- Wednesdays-Saturdays 8pm, Saturday matinees 2pm
- Preview May 15, 8pm PAY-WHAT-YOU-CAN at the door! ($10 in advance)
- Opening May 16, 8pm
- Talk Back Night – discussion with artists Friday, May 23
May 15 — Jun. 14
You Can’t Take It With You
by George S. Kaufman
Join Pacific Theatre and Theatre at TWU in lauding the remarkable talent of emerging artists, ranging in age and background, and coming to you from Vancouver, all over the Lower Mainland, and as far away as Arlington, Virginia. You can’t take them with you, but you can invest in their passion and talent, and laugh out loud all the way home. Starring Karl Petersen (Curious Savage), Rebecca Branscom (The Importance of Being Earnest), and John Voth (Pride and Prejudice), and directed by Ron Reed (A Bright Particular Star), this first rate comedy is not to be missed!
It’s the middle of The Great Depression, but there’s nothing depressing about life in the Vanderhof-Sycamore household – they dance, they make plays, they make music and babies and revolutionary tracts, and fireworks in the basement. All is peaceful anarchy until Alice brings home her all-too-ordinary Wall Street boyfriend…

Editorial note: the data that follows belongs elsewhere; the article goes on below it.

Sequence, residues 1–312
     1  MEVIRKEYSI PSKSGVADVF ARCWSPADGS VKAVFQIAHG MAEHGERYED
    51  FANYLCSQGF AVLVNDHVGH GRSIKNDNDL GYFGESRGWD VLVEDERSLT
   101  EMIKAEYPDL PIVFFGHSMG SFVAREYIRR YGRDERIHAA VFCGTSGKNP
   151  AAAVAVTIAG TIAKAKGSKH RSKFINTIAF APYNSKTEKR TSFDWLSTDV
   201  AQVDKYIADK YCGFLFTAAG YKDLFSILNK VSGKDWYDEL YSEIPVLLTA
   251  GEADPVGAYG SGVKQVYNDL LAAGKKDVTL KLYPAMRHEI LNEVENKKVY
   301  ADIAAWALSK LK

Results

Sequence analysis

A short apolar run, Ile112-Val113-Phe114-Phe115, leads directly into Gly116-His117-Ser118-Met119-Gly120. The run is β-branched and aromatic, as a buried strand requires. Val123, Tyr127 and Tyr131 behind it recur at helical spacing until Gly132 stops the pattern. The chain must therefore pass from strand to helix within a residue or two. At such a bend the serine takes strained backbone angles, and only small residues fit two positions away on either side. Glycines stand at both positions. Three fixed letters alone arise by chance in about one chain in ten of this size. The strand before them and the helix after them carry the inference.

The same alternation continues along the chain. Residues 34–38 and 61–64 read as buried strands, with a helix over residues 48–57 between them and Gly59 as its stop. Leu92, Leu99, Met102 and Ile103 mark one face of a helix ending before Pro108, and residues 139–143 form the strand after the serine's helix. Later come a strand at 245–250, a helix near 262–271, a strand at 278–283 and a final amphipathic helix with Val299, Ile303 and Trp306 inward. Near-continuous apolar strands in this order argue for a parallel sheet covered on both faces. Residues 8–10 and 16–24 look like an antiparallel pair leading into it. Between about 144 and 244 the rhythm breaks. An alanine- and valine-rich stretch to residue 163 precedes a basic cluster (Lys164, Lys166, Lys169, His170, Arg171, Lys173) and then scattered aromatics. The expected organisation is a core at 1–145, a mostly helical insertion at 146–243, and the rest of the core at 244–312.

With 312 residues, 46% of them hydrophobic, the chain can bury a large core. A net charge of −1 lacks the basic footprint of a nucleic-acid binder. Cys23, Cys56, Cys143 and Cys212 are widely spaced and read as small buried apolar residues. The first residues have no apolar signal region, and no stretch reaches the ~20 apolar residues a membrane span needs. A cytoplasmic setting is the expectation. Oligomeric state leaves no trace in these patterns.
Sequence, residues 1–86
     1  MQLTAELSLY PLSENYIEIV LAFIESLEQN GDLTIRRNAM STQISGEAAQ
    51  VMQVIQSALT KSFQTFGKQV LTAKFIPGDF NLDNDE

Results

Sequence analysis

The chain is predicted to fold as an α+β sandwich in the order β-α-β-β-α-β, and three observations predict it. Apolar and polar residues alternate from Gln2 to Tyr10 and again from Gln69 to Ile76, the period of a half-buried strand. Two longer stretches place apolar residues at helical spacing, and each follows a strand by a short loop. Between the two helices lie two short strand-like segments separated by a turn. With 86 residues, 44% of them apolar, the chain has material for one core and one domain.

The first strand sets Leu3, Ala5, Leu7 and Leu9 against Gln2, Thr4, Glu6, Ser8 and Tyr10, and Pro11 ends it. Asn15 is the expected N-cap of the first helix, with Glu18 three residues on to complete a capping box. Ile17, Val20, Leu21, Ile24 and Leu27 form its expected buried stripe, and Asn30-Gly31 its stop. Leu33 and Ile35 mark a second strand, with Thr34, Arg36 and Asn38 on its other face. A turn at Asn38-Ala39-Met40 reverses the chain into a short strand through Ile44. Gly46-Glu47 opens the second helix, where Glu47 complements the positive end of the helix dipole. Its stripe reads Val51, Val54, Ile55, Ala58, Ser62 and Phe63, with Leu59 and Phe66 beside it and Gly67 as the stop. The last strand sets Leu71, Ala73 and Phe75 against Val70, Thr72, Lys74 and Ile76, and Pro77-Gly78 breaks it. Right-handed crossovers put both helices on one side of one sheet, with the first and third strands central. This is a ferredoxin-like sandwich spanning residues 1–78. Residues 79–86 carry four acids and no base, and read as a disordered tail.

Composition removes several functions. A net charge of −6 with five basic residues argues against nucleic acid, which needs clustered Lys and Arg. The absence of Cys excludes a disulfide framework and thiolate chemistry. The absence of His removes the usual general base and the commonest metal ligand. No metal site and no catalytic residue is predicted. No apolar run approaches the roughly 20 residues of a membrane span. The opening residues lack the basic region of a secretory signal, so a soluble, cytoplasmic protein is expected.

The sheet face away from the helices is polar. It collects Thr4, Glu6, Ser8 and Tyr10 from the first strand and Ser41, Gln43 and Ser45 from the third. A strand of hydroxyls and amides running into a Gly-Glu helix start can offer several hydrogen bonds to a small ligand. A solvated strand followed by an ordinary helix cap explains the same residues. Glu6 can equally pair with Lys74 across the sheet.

George S. Kaufman and Moss Hart’s sharply funny classic won the Pulitzer Prize in 1937 – it premiered at the Booth Theater and ran for an astonishing 837 performances. It was the basis for the 1938 Academy Award-winning Frank Capra film starring Lionel Barrymore and James Stewart. Frank Capra took home the award for Best Director and the show won Best Picture.
For those of you who think you’ve seen the movie so you don’t need to see the play, you’re making a big mistake! Uproarious errors combined with acerbic social criticism will make this play one of the most enjoyable shows ever presented on the Pacific Theatre stage.
An Emerging Artist Showcase / Theatre at TWU Co-Production. Ron Reed, director.
“The joy nearly leaps off the screen and begs you to join.” –filmcritic.com
“Consistently crackles with sharp wit and intelligence. In the theater of uplift, an irreplaceable feel-good play.” –New York Times